Just between us two

We’re still in that fortunate window of time in which our daughter isn’t quite old enough to think of the Stock Show as “uncool,” so we made it downtown for the Mexican Rodeo (now officially the “20th Mexican Rodeo Extravaganza”).  Unfortunately this means the show was longer-than-usual on extravaganza and shorter-than-usual on rodeo, but we still enjoyed ourselves.

Just between us two

With some fast glass, the Olympus OM-D E-M1 is proving itself to be quite the sports shooter.  Here, with a Panasonic 35-100 f/2.8 zoom, I captured an interesting mix of expressions on the horse’s and caballero’s faces.  It almost looks as though they’re in the middle of an argument — and given that this was part of the bucking bronc competition, I suppose you could say they were.

Dolls Theater

A little alcove off the “Big Room” at Carlsbad Caverns, the “Dolls Theater” does not lack in detail or depth.  Should you visit, make sure to take a (small) tripod and cable release — this image was taken at f/18 with a 3.2 second exposure / ISO 400:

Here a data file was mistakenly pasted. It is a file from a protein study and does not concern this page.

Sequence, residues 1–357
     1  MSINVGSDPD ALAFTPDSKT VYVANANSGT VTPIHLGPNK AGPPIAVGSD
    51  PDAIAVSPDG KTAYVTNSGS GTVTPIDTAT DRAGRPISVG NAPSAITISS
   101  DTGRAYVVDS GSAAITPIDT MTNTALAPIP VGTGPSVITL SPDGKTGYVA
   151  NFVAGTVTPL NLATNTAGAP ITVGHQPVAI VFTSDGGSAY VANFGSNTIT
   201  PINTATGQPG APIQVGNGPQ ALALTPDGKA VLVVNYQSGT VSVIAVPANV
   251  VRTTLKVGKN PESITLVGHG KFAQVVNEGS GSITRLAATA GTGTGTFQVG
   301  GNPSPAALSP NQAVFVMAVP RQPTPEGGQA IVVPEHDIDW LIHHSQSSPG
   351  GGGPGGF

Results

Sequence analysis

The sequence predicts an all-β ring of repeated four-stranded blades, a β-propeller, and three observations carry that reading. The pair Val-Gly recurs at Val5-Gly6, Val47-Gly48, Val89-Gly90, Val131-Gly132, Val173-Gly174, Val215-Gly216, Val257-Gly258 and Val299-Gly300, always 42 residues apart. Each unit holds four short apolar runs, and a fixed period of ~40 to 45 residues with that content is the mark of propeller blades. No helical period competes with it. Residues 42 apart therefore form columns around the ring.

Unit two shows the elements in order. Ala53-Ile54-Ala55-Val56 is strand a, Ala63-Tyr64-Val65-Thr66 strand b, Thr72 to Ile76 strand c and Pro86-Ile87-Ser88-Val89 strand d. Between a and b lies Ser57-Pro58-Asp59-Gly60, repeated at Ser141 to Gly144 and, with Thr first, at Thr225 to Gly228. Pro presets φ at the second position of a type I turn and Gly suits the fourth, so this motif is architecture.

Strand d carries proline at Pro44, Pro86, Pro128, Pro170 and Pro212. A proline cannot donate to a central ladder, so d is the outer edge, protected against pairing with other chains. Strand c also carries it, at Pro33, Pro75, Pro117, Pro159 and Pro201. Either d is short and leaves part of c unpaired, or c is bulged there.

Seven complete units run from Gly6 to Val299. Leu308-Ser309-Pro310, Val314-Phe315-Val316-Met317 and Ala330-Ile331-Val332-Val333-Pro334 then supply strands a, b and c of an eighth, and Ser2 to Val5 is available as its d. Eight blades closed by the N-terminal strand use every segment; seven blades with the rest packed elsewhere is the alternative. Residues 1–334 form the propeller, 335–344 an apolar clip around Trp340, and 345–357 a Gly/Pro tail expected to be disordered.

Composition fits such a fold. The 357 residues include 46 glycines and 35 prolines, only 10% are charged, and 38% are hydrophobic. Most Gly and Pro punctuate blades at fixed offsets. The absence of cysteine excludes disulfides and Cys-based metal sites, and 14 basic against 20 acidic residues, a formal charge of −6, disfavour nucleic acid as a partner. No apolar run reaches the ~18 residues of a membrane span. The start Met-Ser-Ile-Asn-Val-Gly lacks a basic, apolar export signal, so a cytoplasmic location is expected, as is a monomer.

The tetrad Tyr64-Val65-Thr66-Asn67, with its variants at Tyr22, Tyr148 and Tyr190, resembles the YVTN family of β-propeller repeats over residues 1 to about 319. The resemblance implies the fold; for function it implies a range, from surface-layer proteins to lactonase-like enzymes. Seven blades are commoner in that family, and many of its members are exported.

Dolls Theater

Nasturtium

A.k.a Pohe Haole (Tropaeolum majus), brought to you by the Limahuli Garden & Preserve (part of the National Tropical Botanical Garden system) on Kaui, Hawaii:

Nasturtium

The Limahuli Garden and Preserve is a neat little place to stop by should you ever find yourself up on the north end of Kauai (get to Hanalei, then continue west until the road ends).  Beautiful views, lots of great plants and flowers to see and shoot, and you get a bit of history in the mix as well.  Nasturtium was introduced to Hawaii in the 1800s, so this was shot in the “Plantation era” part of  the garden.

Bent symmetry

I spotted this scene late at night in New Orleans:

Bent symmetry

I’ve taken to paying attention to what ceiling light fixtures look like from below — it’s not how they’re intended to be viewed, and you’ll often see an interesting geometry as a result. This one just made me laugh — it started as a nice symmetric six-sided thing, but has lost any pretense of regularity (as seems to be typical of New Orleans). Meanwhile, over on the left, where two bulb holders are a bit spread apart from where they originally were, an alarm bell sits between them and balances the composition.

So, crooked but still balanced. The sepia tone, by the way, was naturally there — about all I did to this shot was correct a little pincushion from the close perspective.